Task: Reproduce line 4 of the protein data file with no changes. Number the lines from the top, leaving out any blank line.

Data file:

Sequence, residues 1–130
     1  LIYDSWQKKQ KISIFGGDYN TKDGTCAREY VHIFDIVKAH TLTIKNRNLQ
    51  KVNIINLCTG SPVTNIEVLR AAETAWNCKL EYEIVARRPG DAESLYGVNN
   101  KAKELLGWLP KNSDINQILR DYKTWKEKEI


   101  KAKELLGWLP KNSDINQILR DYKTWKEKEI